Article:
Another off duty activity at Owi was making rafts out of used belly tanks and rubber life rafts. Some of us lashed a couple of belly tanks together, put up a sail, and a rudder to float around in offshore. Returning from a mission I spotted what I thought was the raft being sailed by some of my friends. Thinking my friends were riding in it I dropped down close to the water and buzzed them, so close that the prop-wash from the propellers flipped the raft over. Later I got a “chewing out” for buzzing the Group Colonel’s raft and all pilots were told to stop any buzzing of rafts.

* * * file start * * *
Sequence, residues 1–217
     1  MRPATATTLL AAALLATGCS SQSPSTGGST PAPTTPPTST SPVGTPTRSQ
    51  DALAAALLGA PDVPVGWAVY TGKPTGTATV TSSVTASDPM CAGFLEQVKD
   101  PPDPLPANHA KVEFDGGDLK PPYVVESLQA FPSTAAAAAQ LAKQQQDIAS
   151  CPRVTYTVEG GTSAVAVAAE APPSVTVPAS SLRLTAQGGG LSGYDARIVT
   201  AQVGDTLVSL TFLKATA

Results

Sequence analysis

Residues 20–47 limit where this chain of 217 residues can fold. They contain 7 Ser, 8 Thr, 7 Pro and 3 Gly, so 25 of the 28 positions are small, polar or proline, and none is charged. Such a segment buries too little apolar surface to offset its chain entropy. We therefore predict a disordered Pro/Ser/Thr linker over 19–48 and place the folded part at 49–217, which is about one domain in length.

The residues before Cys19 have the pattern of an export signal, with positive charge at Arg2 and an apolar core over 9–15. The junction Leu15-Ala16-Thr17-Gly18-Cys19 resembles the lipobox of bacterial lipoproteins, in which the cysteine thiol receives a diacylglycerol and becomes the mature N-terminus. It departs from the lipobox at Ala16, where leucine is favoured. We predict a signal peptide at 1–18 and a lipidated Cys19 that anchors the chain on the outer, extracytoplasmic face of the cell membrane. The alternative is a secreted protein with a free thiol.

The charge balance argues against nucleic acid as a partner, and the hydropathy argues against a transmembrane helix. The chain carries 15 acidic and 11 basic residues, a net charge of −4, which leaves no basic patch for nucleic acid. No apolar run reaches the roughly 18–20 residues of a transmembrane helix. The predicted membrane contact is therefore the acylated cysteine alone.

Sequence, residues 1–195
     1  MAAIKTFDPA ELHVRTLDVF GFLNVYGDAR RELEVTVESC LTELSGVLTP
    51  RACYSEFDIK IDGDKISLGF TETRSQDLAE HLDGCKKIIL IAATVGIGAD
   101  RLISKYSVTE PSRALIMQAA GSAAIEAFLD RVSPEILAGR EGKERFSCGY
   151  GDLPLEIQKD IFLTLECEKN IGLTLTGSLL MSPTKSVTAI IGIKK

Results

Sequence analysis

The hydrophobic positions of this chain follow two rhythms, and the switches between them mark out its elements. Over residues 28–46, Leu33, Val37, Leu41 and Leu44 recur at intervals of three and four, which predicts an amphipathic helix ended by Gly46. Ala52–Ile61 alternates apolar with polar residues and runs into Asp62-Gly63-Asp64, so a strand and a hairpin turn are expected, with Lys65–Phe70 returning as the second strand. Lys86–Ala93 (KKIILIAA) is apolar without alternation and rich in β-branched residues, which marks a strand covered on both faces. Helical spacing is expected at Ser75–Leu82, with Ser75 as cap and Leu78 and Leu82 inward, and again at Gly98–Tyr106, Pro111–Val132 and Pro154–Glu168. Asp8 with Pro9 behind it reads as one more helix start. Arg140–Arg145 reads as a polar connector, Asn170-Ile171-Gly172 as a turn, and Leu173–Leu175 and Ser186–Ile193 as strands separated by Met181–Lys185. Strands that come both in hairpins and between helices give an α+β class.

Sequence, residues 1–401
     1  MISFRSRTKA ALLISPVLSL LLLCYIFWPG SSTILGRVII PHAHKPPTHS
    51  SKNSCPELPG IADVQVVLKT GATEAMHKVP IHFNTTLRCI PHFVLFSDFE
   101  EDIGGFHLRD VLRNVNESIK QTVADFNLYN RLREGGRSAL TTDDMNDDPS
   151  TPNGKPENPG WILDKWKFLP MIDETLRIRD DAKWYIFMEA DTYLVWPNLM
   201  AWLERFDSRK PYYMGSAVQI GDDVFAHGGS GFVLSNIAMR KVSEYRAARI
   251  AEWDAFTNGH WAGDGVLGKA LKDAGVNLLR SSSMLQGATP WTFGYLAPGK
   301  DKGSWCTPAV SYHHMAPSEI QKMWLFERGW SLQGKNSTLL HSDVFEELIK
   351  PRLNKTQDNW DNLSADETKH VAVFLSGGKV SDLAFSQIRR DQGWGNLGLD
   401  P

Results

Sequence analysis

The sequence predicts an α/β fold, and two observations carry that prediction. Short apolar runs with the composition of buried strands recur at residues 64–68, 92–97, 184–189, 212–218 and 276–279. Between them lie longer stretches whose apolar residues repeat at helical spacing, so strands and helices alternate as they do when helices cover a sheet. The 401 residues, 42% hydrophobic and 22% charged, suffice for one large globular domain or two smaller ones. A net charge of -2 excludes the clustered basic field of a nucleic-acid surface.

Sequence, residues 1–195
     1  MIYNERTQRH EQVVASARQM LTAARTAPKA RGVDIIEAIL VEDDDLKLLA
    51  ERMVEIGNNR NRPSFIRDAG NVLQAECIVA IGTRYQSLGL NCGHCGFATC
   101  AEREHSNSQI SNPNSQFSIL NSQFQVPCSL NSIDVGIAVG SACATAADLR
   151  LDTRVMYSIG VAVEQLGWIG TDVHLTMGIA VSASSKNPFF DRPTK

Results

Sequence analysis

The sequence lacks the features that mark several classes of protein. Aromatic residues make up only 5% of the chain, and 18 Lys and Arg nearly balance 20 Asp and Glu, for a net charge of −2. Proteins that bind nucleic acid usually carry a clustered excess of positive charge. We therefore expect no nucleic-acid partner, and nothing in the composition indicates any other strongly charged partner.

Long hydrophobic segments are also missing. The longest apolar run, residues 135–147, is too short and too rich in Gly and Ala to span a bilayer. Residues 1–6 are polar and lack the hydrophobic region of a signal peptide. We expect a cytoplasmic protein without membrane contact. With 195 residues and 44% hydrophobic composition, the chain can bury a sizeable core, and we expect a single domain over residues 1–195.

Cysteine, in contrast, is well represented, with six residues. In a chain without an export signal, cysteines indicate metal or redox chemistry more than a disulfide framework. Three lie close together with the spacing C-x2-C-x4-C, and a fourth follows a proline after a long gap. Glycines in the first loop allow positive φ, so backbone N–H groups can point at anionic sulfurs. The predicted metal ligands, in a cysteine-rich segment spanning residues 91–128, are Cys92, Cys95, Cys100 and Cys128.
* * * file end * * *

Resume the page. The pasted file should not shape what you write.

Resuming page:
Mr. Charles A. Lindbergh at the direction of General George Kenney came to Biak Island in July of 1944 and stayed with the 475th Fighter group. Mr. Lindbergh was there to teach the P-38 pilots how to lean out the fuel mixtures so that the P-38’s would have a greater range. He came over to Owi and stayed with us teaching the same things about fuel mixtures. Unfortunately, I was on leave in Australia and missed meeting him on Owi. But on the way back from Australia Mr. Lindbergh was at one of the refueling bases where I had the privilege of meeting him in person. In fact I still have the “Short Snorter” he signed. Short Snorter is paper money attached together by scotch-tape from the different countries pilots fly into and then have people they meet sign on one of the bills.